This Week's Obsession: Expectations are Back There

This Week's Obsession: Expectations are Back There Comment Count

Seth December 4th, 2018 at 10:00 AM

The Sponsor:

It’s Nick Hopwood, our MGoFinancial Planner from Peak Wealth Management. If you haven't listened to Nick's podcast, Finding True Wealth, yet, head over there because his latest episode is an interview with our own Brian Cook about the past and future of MGoBlog. Nick also has a neat new tool which has a different spin on figuring out which level of risk is appropriate for your portfolio in these volatile times.

Legal disclosure in itty bitty font: Calling Nick our official financial planner is not intended as financial advice; Nick is an advertiser who financially supports MGoBlog. MGoBlog is not responsible for any advice or other communication provided to an investor by any financial advisor, and makes no representations or warranties as to the suitability of any particular financial advisor and/or investment for a specific investor.

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The Question:

Why is this team exceeding expectations?

Ace: Just wait until Jordan Poole gets goin— oh, I see.

Seth: 1/1 Charles Mathewses agree: this is not a good development.

 

Ace: We can start with the obvious: Michigan had one of the best defenses in the country last year, upgraded on that end at the four and five spots (and arguably the two as well), and also moved into year two of Luke Yaklich’s teachings taking hold. Now it’s the best defense in the country by a significant margin so far this year.

This is very much Zavier Simpson’s team. Matthews’, too.

BiSB: To the defensive question, we didn't know if Iggy could play defense. Turns out... yeah, very much so.

Brian: His first real test is "hey, check Eric Paschall with zero help defense" and that goes spectacularly.

Seth: Let's not leave out 7'2" Zavier Simpson.

BiSB: Big Trogdor?

Ace: I meant in terms of temperament. Jon Teske is clearly one of the main reasons this team is so good. He’s a defensive savant. It’s not just that he can block shots, he’s almost never in the wrong place, his hands are great, and he moves surprisingly well.

BiSB: His foul rate is also insanely low.

Brian: Michigan's two point D is stunning and it is most stunning when The Big Sleep is on the floor. 31%!

Ace: (pulls out bullhorn)

AND HE HITS THREES NOW!

[After THE JUMP: Florida gets mentioned once. Also Duke.]

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Hoops Preview 2018-19: Bigs

Hoops Preview 2018-19: Bigs Comment Count

Matt Way November 12th, 2018 at 3:42 PM

The loss of the dynamic Moritz Wagner to the NBA leaves a huge hole in the middle of the paint for John Beilein’s team. Michigan now looks to Jon Teske to fill that spot, albeit in a much different form.

Behind Teske, Beilein will call upon seldom-used Austin Davis and newcomer Colin Castleton to provide bench relief.

Jon Teske

39634124074_86a0e3a3cb_z

[Marc-Gregor Campredon]

Year: Junior

Measurables: 7’1’’, 260

Base Stats: 12.3 MPG, 3.4 PPG, 55/57 2P/FT%, 3.3 REB/G, 23 steals, 26 blocks

Key Advanced Metrics: 15.2% usage, 122.5 ORating, 90.7 DRating, 18.6 defensive rebound %, 5.5 block %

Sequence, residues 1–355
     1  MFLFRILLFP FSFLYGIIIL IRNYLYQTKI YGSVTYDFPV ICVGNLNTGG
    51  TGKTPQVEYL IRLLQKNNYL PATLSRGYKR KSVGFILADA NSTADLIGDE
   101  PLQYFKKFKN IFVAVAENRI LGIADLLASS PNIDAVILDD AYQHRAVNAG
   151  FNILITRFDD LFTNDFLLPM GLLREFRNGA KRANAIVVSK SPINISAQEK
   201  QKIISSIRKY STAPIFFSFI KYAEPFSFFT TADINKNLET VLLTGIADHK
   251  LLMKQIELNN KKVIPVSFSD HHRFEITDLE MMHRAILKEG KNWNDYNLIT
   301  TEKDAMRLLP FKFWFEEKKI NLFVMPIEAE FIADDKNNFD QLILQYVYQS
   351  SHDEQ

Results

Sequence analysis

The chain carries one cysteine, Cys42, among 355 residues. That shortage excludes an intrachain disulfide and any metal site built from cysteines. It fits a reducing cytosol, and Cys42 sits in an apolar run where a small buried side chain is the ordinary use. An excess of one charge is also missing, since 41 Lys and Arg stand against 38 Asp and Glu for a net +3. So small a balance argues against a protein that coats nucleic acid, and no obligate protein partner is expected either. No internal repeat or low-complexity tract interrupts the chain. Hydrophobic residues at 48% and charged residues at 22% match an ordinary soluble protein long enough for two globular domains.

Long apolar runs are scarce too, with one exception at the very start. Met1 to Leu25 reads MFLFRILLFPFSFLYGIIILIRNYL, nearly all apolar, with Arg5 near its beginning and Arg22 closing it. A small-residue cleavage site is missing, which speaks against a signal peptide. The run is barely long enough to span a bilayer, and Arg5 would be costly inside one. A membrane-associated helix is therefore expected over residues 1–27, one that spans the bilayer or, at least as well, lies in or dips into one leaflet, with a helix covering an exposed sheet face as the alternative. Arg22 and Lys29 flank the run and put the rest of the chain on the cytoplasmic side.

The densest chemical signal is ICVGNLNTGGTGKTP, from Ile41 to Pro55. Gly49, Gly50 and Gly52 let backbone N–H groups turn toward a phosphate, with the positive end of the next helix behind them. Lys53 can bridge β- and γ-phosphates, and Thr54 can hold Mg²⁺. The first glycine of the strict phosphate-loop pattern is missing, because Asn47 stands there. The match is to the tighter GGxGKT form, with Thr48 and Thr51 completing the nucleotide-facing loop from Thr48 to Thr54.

Now the starting man in the middle, Jon Teske will serve a critical role in Michigan’s success and failures in 2018-19.

Despite some limitations offensively, Teske’s offensive rating last season was second to only Duncan Robinson’s thanks to his efficient finishing and lack of turnovers. His role without the ball was far more important, though.

Teske proved extremely valuable as a screener during Michigan’s 2018 run. His large frame opened up driving and passing lanes that a Michigan big has not provided for teammates in many years. Returning players Zavier Simpson and Charles Matthews took full advantage of that screening, developing some very real chemistry with Teske as the season progressed. Because Michigan has an apparent lack of shooting entering this year, Teske’s screens could serve as a focal point for the offense to create easier looks in the pick-and-roll when shots aren’t falling.

Adding to the intrigue is the development of an outside shot for the Ohio native. Onlookers saw Teske nail an in-rhythm three in Spain and the big man seems to suggest that he’s added a three-point ball to his game:

“Obviously, every day Coach B is watching you and he keeps track of everything scrimmages, points, blocks, rebounds. So that's one thing that they do keep track of is makes and misses,” Teske said. “That's one thing that he's seeing me grow and I've been able to show him that I'm capable of shooting the 3.”

Teske’s true value comes, however, on the other end of the court. His huge size and ability to protect the rim adds an aspect to Michigan’s defense that John Beilein has not enjoyed since Mitch McGary. But it goes further that.

We discussed previously that Teske displayed a high basketball IQ. Although he’s not the most mobile big man in the country, his recognition of when to attack screens and when to lay off was exceptional. With an offseason to watch film and grow in his play recognition, Teske’s defense could improve to a dominant level despite his perceived physical limitations.

[After the JUMP: nothing soft]

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This Week’s Obsession: Hoop Futures